The worst polluters in the world are generally assumed to be the oil, mining and manufacturing industries.
Industrial wastes are one of the top sources of environmental pollution.
Across the world, untreated or improperly treated industrial waste pollutes the air, water, and soil in and around the industrial sites. The pollution caused by an industry often depends on its nature with some industries generating more toxic wastes than others. Pure Earth, an international non-profit organization, has compiled a list of the 10 worst polluting industries in the world.
Pure Earth, formerly known as the Blacksmith Institute until on 10 March 2015, is a New York City-based international not-for-profit organization founded in 1999 that aims to identify and clean up pollution, focusing primarily on contaminated sites and soil in developing countries.
Over the last decade it has cleaned up 84 sites in 20 countries,focusing on communities where children are most at risk. These communities suffer disproportionately from pollution-related diseases.
Blacksmith changed to a new name – Pure Earth – with the aim of broadening awareness of global toxic pollution issues to the general public.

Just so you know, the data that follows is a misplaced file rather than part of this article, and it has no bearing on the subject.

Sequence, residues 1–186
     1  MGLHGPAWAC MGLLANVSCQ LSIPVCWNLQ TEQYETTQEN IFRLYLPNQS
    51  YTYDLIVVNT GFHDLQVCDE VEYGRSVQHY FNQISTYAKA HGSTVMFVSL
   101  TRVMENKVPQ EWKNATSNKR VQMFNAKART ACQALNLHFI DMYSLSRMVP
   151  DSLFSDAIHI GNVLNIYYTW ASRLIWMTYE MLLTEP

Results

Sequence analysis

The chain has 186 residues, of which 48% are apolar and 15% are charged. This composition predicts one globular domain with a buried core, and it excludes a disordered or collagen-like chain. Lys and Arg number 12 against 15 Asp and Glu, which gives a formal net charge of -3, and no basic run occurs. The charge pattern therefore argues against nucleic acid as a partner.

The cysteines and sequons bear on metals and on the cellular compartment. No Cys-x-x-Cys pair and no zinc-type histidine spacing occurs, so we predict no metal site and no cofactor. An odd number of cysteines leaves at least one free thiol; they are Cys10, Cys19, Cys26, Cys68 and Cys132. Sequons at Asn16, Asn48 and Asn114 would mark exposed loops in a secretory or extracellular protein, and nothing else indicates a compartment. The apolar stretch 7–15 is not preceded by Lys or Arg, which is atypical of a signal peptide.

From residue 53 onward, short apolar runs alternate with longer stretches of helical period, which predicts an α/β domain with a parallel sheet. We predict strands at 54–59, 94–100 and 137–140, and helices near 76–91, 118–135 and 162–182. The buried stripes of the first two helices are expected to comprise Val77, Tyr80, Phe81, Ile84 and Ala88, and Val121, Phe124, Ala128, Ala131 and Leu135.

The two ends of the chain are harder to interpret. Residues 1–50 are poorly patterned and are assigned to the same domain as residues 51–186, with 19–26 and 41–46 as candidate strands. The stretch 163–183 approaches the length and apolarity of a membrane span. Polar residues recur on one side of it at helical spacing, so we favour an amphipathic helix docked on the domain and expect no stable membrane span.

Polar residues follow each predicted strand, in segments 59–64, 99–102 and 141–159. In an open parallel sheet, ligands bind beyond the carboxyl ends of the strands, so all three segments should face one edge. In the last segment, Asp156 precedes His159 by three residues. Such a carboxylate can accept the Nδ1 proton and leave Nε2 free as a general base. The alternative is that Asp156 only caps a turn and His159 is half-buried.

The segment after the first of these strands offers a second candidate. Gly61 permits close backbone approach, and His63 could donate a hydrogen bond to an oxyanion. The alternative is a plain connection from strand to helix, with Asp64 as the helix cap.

The clothing industry is the second largest polluter in the world…second only to oil, although this is often disputed.
Criticisms of fast fashion include its negative environmental impact, water pollution, the use of toxic chemicals and increasing levels of textile waste.
Vibrant colours, prints and fabric finishes are appealing features of fashion garments, but many of these are achieved with toxic chemicals. Textile dyeing is the second largest polluter of clean water globally, after agriculture.
Greenpeace’s recent Detox campaign has been instrumental in pressuring fashion brands to take action to remove toxic chemicals from their supply chains, after it tested a number of brands’ products and confirmed the presence of hazardous chemicals.
Many of these are banned or strictly regulated in various countries because they are toxic, bio-accumulative (meaning the substance builds up in an organism faster than the organism can excrete or metabolise it), disruptive to hormones and carcinogenic.
Please don’t be put off by the quality of the podcast, as I was interviewing Susan on a boat. ?